I am going to come right out and say it; I am embarrassed of the fact that my daughter does Irish dancing.
Of course I love my daughter and I am proud that she has a hobby that she loves and one that she is quite skilled in but it doesn’t mean I share her passion, far from it. Despite spending probably thousands on it, I find myself actively trying to persuade her to drop the dancing and try something else. She’s hooked, I’m not.
My problem isn’t the dancing. I don’t have some kind of mad aversion that will see me running for cover every time I hear the sound of an accordion; I danced for years and even now I find it hard to keep my feet still if I am on a wooden floor. It’s all that goes with Irish dancing that I need to take an allergen for.
I hate the dresses, especially my daughter’s dress. I am the sort of person that likes to quietly observe from the back. It’s not standoffish, snobbery or superiority, it’s simply me. My daughter’s dress does not allow me to stand unnoticed at the back of the hall. It is a dress that screams, ‘Look at us’ (her and me because let’s face it, put her in a dress like that and you’re bound to look for who’s responsible). Her dress has more bling on it than Blackpool and cost more than my monthly mortgage repayment. I admit it has ‘stage presence’ as when she’s on stage the lights catch her and she looks like she’s dressed up as the cockpit of a plane but it’s a constant reminder to me of how stupid I was to leave her dress to ‘the people who know what they’re doing.’ I hate what her dress says about me: I have more money than sense (I wish) and I have no class (I like to imagine/pretend that I do). Her dress is a distraction (just try and take your eyes off her dress and look at her feet) and a money-making gimmick where schools of dancing are tied up with such and such a dressmaker.
The dress thing isn’t new for me. I’ve hated Irish dancing dresses since the beginning of time. My own dress was a musty secondhand velvet number that reeked of years worth of someone else’s sweat then years worth of my sweat (at least it made me keep my arms clamped by my side). I wore it until it could no longer be described as decent and then it was probably sold on to some other poor child. The point is I was no different to anybody else. We were all in secondhand dresses because the dress didn’t matter so much; it was the dancing that set us apart. When Jean Butler sashayed across the stage during the interval in Eurovision 1994 from head to toe in black, my relief was palpable. Irish dancing was about to undergo a revolution, it had just got fashionable, practical and affordable.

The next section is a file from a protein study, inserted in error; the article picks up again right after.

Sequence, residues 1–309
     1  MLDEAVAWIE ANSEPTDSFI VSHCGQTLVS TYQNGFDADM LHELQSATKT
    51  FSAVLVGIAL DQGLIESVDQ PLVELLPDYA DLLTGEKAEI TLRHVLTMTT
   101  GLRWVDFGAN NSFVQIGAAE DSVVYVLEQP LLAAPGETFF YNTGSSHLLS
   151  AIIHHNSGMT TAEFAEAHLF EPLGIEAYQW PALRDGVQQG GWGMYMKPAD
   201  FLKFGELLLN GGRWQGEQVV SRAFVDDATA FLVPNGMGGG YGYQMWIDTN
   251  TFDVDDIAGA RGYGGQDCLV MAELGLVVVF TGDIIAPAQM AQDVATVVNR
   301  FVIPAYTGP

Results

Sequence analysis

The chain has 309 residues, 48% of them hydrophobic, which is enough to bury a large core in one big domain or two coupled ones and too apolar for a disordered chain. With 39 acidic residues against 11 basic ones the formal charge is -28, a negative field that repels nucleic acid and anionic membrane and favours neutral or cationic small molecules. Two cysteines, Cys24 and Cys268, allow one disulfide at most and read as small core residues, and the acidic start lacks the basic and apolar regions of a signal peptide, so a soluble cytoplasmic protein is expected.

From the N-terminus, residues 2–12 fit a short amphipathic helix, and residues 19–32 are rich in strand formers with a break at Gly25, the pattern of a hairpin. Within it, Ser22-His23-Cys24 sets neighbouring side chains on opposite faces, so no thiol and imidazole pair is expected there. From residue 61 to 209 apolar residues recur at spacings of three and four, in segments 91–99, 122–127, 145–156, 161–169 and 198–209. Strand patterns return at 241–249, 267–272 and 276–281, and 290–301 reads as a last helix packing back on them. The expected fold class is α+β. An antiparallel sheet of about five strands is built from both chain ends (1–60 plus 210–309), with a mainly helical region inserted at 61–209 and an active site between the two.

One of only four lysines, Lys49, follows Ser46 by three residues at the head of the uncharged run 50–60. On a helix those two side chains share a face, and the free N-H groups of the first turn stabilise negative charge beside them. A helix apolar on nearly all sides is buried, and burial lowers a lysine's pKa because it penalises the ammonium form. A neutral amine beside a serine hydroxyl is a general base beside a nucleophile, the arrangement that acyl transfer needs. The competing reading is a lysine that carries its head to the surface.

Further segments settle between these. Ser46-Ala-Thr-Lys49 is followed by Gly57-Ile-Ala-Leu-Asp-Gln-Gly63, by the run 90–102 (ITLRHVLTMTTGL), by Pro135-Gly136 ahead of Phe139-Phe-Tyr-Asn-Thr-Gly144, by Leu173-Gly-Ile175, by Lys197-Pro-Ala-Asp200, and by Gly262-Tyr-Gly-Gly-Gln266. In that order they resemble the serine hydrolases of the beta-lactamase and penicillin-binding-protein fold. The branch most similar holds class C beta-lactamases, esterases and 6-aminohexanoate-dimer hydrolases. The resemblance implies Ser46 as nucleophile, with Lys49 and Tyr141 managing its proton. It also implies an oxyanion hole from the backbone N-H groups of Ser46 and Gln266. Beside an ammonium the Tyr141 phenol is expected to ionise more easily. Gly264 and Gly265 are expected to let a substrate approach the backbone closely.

The image of Irish dancing did not move forward, it regressed. In a world where we tell our daughters they can be whatever they wish to be, that they are the equal of boys and that with hard work their dreams will come true (and I don’t mean the dream of standing on the top box) we dress up our girls and expose them to an antiquated world where talent will only get them so far. We put them on a stage where we tell them to smile, stick out their chest and sparkle. I hate what my daughter’s dress suggests to people who don’t know me. To people who do know me it must be an awful contradiction and I’m afraid it will soon get worse; she will soon be at the age when make up is permitted and I’m in complete fear of the thing that is a full wig.
At the moment she wears a bun wig. I gave into this request of her teacher’s after realising I just had to plonk it on her head and we were ready to go. The full wigs look farcical and I have no idea why they have become the favoured look in Irish dancing. I get that they bounce but are the adjudicators not skilled enough to not be fooled by trickery? It’s all about illusion now. Have a wig on your head making you look like Rumpole of the Bailey and the judge (clever) will think you’re jumping higher. Wrap your heavy shoes with white tape and it will elongate your leg making your foot look smaller and your steps neater and I don’t know what the white laces on the soft shoe are for although it’s probably the same thing. The face makeup applied by some schools (including ours) looks like Widow Twanky’s (it’s always panto season at a feis) and the fake tan on the legs, well it’s just not Irish is it?
I am trying to bring all my children up to be good, kind, decent people who know the value in working hard today for their tomorrow. For my dancing daughter, I want her to be grateful for the gift of dance (she does to be fair get a great deal from it) but I want her to know it is what’s in her heart and mind that matters most and these can’t be validated on a stage with her in a dress embellished in crystals. Irish dancing has not moved with the times, it is old-fashioned and sexist, it teaches our daughters to get used to being judged on their appearance and it encourages them to cast a superficial eye over everyone else.
I love to Irish dance but I am embarrassed of the fact that my daughter does Irish dancing.